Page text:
Who conducted the study?
Claudia D. Jonczyk, Yonghoon G. Lee, and Charles D. Galunic.
What did they find?
Results showed that professionals who have accumulated more job experience are less likely to shed contacts. Also, those who had gained more contacts during their transition were also less likely to lose contacts. It seems that, rather than crowding out existing contacts, professionals try to add more people in their network during role transition. It was revealed that contacts who are partners are significantly less likely to be lost. Moreover, professionals tend not to lose high-ranking contacts, which has an even larger effect when they are tied to those partners through many closed triads. In looking at trust, results showed that both emotional and cognitive trust in a relationship reduce the likelihood of losing that contact. Results also revealed that the interaction effect of proportional density and cognitive trust in others is positive and significant. In addition, the presence of competent others further leads an ego with a redundant network.
How did they find these results?
They gathered newly promoted professionals in three professional service firms (PSF’s- a consultancy, an audit company, and a law firm) and recorded the changes in contacts that they experienced between two periods. The two periods spanned their first 1.5 years in the new role. The new role involved expanded managerial responsibilities. All participants were given a survey in which they listed key contacts that were important for being successful in their job during the previous year. Key contacts fell under such categories: task advice, innovation, political buy-in, professional growth, social support, and external contacts. Respondents also were asked about various aspects of their relationship with each contact, including closeness.
Their dependent variable was whether or not a contact was lost during the roughly 18-month period between surveys. A “tie loss” was defined as when a person was named a key contact in Time 1, but not Time 2. Their independent variable includes the direct and indirect ties. Direct ties are the number of contacts that a respondent shares and indirect ties are the number of third-party ties with whom the respondent and the contact share ties. Trust (emotional and cognitive trust) towards these third-party ties were measured using a Likert-type scale. The extent to which each contact was embedded in a respondent’s network was determined by the closeness of each contact through direct and indirect ties. Network embeddedness was measured using Burt’s (1992) alter specific constraint measure. Moreover, they used proportional density to measure redundancy as it captures the sparseness of a network and non-redundancy among the contacts (Podolny & Baron, 1997). Lastly, they used the respondents’ network structure in Time 1 to gauge the respondents’ learning from their previous network position.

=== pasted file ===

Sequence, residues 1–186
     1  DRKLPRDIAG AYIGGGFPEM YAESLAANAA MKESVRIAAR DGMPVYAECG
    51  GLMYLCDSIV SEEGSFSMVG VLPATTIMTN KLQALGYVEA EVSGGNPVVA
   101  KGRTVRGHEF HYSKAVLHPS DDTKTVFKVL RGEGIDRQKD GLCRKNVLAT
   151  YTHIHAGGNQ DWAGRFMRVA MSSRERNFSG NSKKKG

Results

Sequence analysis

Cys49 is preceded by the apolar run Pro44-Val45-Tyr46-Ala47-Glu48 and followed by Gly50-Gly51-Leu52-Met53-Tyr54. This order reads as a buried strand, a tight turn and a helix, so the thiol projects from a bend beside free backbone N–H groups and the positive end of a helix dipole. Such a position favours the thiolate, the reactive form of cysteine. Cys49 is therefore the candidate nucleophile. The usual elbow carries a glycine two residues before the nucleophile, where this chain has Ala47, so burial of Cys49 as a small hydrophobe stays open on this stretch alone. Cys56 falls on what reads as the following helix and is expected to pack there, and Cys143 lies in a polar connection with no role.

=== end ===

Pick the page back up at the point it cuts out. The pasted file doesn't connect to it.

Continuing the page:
Why are these findings important?
Relations change as service professionals try to cope with new roles, such as during management promotions. Contacts may be lost, while new, and high-quality, relations may have been created in order to cope with new responsibilities. These findings are important because it shows how embedded contacts can help professionals gain efficiency. Role transitions undergo a pull of cohesion. Thus, hanging on to high-ranking contacts during a transition to management may be particularly important, as it leads the professional to aspire that high position. Lost ties confirm the strong pull of already close, and often embedded, contacts. In role transitions, the trust of new ties can be an issue. New contacts may be useful for accessing new resources and new ideas, however, it all comes down to trust in that relationship. It is important to note that not only are key contacts influenced, but the entire network of professional relationships as well. This entire network affects the way relationships are reconfigured during role transition.
Where can these results be applied?
These findings may be related to the context of professional organizations in which are undergoing reorganization. The tendency to remain in strong relationships and cohesive groups should be particularly powerful when the context remains undisturbed, but what happens when that context is disrupted? During reorganization, professionals may be concerned with changes to their contacts, such as who comes into focus and who fades out, and how to identify high-quality new contacts in order to maintain efficiency. During a reorganization of an organization, there may be promotions being offered. Thus, the need to hold onto strong relationships, while forming new ones and trimming old ones may be essential for success. In addition, we see relational changes during role transitions in management ranks. Professionals are likely to be concerned with their own relational changes, while seeking and identifying high quality new contacts that will lead them to success. Since high-ranking contacts provide great resources, it is likely that new relationships will be formed with them. In conclusion, organizations that are undergoing reorganization or have management ranks may see the most relational changes amongst their employees.
Jonczyk, C. D., Lee, Y. G., Galunic, C. D., Bensaou, B. M. (2016). Relational Changes During Role Transitions: The Interplay of Efficiency and Cohesion. Academy of Management Journal, 9(3), 956-982.